Nearly 100 members of the National Athletic Trainers’ Association (NATA) from 30 states will descend on Congress on Tuesday, May 16, 2017, for the organization’s annual Capitol Hill Day in an effort to educate members of Congress about the athletic training profession and request support from their senators for S. 808, the Sports Medicine Licensure Clarity Act. The legislation, which would protect athletic trainers and other sports medicine professionals who travel out of state with an athletic team to provide care, ultimately ensures that the medical care of athletes is not jeopardized. If the bill passes in the Senate, it will go to the president’s desk for final signature to make it a law.
The legislation, passed in the U.S. House of Representatives as H.R. 302 on January 9 of this year, clarifies medical liability rules for athletic trainers and other medical professionals to ensure they are properly covered by their malpractice insurance while traveling with athletic teams in another state. Under the bill, health care services provided by a covered athletic trainer or other sports medicine professional to an athlete, athletic team or a staff member in another state will be deemed to have satisfied any licensure requirements of the secondary state.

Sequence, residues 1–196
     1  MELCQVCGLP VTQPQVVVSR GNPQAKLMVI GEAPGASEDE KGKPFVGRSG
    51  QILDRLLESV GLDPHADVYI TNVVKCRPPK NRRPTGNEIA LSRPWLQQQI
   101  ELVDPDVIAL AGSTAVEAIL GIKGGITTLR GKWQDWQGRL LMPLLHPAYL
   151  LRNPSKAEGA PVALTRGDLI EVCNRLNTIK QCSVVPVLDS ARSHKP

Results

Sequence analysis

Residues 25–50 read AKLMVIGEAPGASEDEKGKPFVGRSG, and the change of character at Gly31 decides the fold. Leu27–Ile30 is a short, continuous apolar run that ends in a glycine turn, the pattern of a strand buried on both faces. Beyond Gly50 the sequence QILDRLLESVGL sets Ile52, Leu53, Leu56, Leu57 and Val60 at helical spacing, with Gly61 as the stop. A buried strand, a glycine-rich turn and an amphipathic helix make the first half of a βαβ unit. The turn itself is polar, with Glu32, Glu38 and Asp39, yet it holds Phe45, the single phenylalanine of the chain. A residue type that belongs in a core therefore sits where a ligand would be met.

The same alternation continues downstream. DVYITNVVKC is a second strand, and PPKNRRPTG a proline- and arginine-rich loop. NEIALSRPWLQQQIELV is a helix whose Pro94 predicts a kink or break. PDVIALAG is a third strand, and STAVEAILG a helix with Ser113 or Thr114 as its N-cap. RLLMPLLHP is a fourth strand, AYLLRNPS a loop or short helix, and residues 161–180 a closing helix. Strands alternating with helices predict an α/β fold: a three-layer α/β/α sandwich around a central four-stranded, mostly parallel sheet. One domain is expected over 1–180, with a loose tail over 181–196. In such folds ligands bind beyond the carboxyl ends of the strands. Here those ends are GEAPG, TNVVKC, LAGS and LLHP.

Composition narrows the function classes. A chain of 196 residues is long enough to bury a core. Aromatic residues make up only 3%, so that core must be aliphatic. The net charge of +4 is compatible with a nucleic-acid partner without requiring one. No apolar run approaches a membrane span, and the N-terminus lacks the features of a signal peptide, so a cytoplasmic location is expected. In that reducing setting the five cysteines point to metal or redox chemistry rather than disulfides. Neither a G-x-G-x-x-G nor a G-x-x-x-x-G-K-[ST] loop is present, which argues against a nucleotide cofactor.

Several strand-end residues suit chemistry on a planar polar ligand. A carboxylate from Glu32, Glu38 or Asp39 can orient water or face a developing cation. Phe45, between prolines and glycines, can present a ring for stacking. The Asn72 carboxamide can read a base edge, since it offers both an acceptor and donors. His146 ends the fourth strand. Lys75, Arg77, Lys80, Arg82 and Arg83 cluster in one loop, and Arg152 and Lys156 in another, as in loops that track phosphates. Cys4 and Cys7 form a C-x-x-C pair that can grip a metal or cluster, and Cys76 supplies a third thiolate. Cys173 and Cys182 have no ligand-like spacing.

“The Sports Medicine Licensure Clarity Act will guarantee that athletic trainers and other sports medicine professionals have full protection and coverage when they are at home or on the road across state lines,” said NATA President Scott Sailor, EdD, ATC. “Ensuring the best sports safety practices for athletes and providing the best quality of care is paramount.”
For additional information on the Sports Medicine Licensure Clarity Act, including a link to encourage U.S. senators to co-sponsor the bill, visit http://www.nata.org/sports-medicine-licensure-clarity-act.